Over the last nine years there have been sixty-one deaths in Manchester, England, UK, all the dead found near or in canals rarely deeper than two to four feet. If you fall in, stand up and you’re fine. Oh, and they didn’t drown. They’re called the Canal Murders in Blighty. Stateside we have the Smiley Face Killer, linked to the Clown Killer, both names stemming from a smiley face found at the scene or glimpses of someone, or some thing, dressed as a clown in the area. All are young men, college aged and responsible in life. No one sees them vanish, and friends frequently report, “He was right there, then he wasn’t.”
Surveillance cameras in bars and on streets fail to show the missing person leaving or passing by, yet the body ends up near or in water.
As I said earlier, water removes traces.
Then there are shoes with feet in them, almost always left shoes and left feet, coming ashore along the northwest coast and on the shores of the Great Lakes and other large bodies of water. DNA matches no known missing person. There are hundreds of them so far.
Could these have anything to do with missing people? What could explain this, a harsh form of captivity, piracy, or slavery?
No proven cause of death, no reason they vanished, and no explanation how they got to where they’re found.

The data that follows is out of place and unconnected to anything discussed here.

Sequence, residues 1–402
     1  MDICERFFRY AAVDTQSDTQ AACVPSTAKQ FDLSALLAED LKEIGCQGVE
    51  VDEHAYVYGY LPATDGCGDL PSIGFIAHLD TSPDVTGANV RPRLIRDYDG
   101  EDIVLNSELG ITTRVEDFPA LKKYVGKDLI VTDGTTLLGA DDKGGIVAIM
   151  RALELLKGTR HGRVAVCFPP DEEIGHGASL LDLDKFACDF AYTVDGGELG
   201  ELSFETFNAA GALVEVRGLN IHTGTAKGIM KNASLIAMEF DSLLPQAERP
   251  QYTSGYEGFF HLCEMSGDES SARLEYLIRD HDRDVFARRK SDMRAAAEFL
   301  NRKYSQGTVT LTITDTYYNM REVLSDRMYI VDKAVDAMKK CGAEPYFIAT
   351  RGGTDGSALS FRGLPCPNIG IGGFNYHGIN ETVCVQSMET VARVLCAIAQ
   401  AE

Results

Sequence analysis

About sixty percent of those who go missing in National Parks are found alive but are either too young to speak or cannot recall what happened or where they were. They sometimes offer surreal explanations such as a toddler saying, “A big dog ate my shoe and carried me in its paws, then slept with me to keep me warm,” and so on.
Ten to fifteen percent of those who go mysteriously missing are utterly gone. No trace, or sometimes tantalizing clues such as one inside-out glove liner, clothes folded neatly, or weapons discarded. Despite such hints, they are never found. Dogs can’t or won’t track them. Skeletal remains never show up. They’re just gone.
The rest are found dead. Sometimes only tiny fragments are found, such as a tooth, part of a skull cap, or flakes of crushed bone. Some bodies are found without enough blood to identify even the type. Utterly drained. That is rare and even weirder, in such cases there is not a mark on them.
Most mysterious disappearances are male, white, and, strangely, a high percentage are of German descent. No explanation is evident or offered.
Most are superior physically, which makes sense given that they’re in wilderness areas, and mentally, which seems a fluke. Many are doctors or scientists. Almost none are troubled or poor.
Of those who vanish in cities, ninety-nine percent tend to be found dead.
Dogs being unable to find scent is one of the standard oddities. Another is bad weather striking soon after someone goes missing. Is this timed to cover tracks? Should we be extra cautious prior to heavy weather striking a wilderness area?
The Kathy Ann Shea case, from Thursday 18 March 1965, in Tyrone PA, where the six-year-old was last seen by her mother and the crossing guard as she walked the remaining couple blocks to school after having come home, as usual, for lunch. At that time Tyrone, a small town now, was a village with no near-by highway and only winding roads through mountain forests as a way to reach it. Or flee from it. Outsiders were noticed. Nothing unusual was noticed that day. Massive searches revealed no sign of her. No remains of any kind were ever found. She simply vanished.